Despite some calls at the time to close the university, Thompson and others convinced the state to give Kentucky State the full amount of land-grant money it was due. With that money, Kentucky State now receives more than $9,800 per full-time student — more than any other public university in the state.

Thompson understands the challenges Kentucky State faces, but is also concerned that lawmakers may overreact to the situation.

“It’s going to be the job of CPE and the board to address financial issues,” he said, “but the greater need is to get the message out why Kentucky State needs to be a strong institution to serve the population of the state.”

The question remaining for many is whether the regents should have known of the university’s financial problems and acted sooner to stanch the red ink.

Despite some initial opposition to Brown’s hiring — three board members voted against it — there were no outward signs regents were unhappy with the president’s performance.

A January review of Brown’s performance by Charlie Nelms, a consultant with the Association of Governing Boards of Universities and Colleges and former chancellor of North Carolina Central University, gave him generally high marks. But it also called for “a comprehensive review of university budget development and monitoring processes to ensure transparency, accountability, and alignment with best practices in higher education.”

In an email, Nelms declined to comment further.

In June, just a month before his resignation, the regents extended Brown’s contract and awarded him more than $40,000 in performance bonuses. Elaine Farris, the current chair of the board, did not respond to a request for comment.

There were other indications the board knew much more. For fiscal years 2015 through 2019, the university’s auditors faulted the institution for not having “adequate controls in place over financial reporting to allow for timely, accurate financial reporting.”

Chandee Felder, who was the elected staff member on the board, told The Chronicle she had communicated frequently with several other board members about the university’s dire financial situation. Other staff members at the university communicated the problems to her, Felder said, and she relayed that to Farris and other regents, who welcomed the information and encouraged her to share it with them.

In text messages that Felder provided to The Chronicle, she tells other board members, including Farris, about the president’s plans to change or cut staff and her concerns about how money was being spent.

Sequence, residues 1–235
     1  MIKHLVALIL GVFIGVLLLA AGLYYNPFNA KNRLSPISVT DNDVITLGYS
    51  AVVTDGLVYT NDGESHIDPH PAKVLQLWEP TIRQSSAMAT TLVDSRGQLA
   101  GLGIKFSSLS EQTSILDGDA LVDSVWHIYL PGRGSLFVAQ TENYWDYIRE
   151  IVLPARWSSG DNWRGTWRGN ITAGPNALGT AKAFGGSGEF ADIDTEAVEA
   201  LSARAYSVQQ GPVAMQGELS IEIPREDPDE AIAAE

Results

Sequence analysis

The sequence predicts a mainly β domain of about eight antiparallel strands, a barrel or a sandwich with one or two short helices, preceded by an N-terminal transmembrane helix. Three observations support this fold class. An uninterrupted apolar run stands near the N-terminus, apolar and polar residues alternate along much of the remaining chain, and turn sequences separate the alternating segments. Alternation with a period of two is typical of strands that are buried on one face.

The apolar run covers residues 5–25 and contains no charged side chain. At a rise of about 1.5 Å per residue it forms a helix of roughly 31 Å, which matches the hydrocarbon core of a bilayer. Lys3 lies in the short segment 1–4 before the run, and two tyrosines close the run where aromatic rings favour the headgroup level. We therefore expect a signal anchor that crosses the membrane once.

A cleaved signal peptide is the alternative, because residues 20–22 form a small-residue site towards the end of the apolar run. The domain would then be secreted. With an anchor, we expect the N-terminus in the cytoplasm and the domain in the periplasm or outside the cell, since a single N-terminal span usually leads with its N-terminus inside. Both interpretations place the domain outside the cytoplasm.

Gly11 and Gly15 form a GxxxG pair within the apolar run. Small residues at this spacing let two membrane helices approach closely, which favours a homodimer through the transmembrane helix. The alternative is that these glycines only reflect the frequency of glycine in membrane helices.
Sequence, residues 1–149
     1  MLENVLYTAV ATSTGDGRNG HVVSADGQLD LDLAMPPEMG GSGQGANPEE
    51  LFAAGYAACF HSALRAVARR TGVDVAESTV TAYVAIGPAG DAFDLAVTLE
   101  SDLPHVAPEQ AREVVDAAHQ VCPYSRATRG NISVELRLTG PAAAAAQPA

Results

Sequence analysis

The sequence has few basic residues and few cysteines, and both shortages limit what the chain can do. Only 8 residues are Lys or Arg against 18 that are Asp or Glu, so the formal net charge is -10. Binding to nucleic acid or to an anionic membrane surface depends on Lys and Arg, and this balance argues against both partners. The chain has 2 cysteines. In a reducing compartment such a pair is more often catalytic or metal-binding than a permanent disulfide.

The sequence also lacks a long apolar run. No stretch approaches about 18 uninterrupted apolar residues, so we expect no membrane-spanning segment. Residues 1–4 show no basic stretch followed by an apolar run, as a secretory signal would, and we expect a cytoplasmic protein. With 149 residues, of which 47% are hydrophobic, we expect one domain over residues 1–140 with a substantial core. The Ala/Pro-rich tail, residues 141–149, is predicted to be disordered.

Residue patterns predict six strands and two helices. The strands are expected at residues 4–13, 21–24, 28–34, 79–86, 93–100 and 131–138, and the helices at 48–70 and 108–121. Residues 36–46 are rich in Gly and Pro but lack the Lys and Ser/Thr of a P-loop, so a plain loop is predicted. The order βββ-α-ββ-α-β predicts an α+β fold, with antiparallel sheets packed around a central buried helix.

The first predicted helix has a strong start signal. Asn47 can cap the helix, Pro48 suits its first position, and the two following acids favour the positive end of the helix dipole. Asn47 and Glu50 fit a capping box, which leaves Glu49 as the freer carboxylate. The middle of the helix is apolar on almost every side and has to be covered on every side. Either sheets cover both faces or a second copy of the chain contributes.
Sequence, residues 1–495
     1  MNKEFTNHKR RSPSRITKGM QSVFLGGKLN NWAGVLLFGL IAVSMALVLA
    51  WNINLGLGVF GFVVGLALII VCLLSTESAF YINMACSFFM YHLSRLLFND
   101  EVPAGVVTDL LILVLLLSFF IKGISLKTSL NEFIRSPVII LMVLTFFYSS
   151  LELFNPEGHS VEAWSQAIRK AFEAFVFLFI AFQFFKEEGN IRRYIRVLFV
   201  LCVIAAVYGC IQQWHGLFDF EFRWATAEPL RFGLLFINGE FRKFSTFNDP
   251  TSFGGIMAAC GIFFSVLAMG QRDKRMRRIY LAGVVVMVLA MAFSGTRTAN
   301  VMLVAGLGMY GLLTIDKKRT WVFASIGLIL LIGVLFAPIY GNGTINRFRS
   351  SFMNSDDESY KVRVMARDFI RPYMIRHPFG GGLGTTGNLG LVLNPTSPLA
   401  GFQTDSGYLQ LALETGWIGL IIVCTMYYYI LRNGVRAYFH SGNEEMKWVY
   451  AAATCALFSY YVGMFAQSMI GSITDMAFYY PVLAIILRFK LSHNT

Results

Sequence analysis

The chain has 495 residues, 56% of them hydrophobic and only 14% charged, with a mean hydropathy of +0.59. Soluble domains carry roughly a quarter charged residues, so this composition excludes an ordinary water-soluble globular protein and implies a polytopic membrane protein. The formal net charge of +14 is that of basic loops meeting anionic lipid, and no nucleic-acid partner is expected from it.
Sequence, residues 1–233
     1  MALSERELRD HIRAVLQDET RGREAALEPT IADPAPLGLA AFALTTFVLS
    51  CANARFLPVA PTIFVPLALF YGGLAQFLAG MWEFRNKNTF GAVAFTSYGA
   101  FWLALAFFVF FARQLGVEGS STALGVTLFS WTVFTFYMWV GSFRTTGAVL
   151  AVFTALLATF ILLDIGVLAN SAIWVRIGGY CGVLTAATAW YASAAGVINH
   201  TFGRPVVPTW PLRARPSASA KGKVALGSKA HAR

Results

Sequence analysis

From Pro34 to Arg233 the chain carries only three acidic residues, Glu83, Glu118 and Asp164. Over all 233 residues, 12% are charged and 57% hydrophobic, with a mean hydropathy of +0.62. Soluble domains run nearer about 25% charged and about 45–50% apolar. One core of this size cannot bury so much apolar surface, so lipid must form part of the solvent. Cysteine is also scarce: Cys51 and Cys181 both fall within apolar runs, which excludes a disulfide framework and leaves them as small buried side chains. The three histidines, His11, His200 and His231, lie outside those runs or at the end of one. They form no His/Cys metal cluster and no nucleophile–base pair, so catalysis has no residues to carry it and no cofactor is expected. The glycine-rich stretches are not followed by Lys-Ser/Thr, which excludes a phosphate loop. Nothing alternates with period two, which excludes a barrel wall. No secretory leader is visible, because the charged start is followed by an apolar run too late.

Courtesy of Chandee Felder

A text exchange between Chandee Felder and Joe Moffett, a former associate professor of English at Kentucky State and the faculty member of the Board of Regents.

Felder said she had to speak up when Farris was quoted in news articles saying the regents were not aware of the financial troubles. She also sent a letter to Gov. Andy Beshear, a Democrat, about the university’s financial situation, as well as the state’s attorney general.

Felder was fired from her position in mid-September the day before her allegations were published by a news article in The State Journal, in Frankfort, Ky. A letter from the university’s director of human resources said that Felder violated university policy by sharing confidential information and breaching the conflict-of-interest policy.

Felder has hired an attorney and filed a lawsuit against the university.

“I kept telling them we don’t have any money,” Felder said. ”I don’t see how we’re making it day to day.”

Supporters of the university acknowledge the problems, but say lawmakers’ calls to close it are disproportionate to the scope of the challenges, especially when compared with the scandals that faced more prominent and predominantly white institutions in Kentucky.

The University of Louisville, for example, faced numerous state and federal investigations in the middle of the last decade over allegations it lured men’s basketball recruits with sex, misused federal grant money, failed to enforce conflict-of-interest rules, and padded then-President James Ramsey’s pockets with money from the university foundation that he also led. While then-Gov. Matt Bevin overhauled the board and convinced Ramsey to resign, there were no calls from lawmakers to close the institution.

Graham said those who are calling for the university to be closed may not be familiar with its important role in educating Black Kentuckians.

The university has been part of the economic engine of the region and helped to increase the Black middle class that contributes to the state’s economy, Graham said.

“The bottom line comes down to the students,” he said, “we owe it to the students.”

Dan Bauman contributed to this article.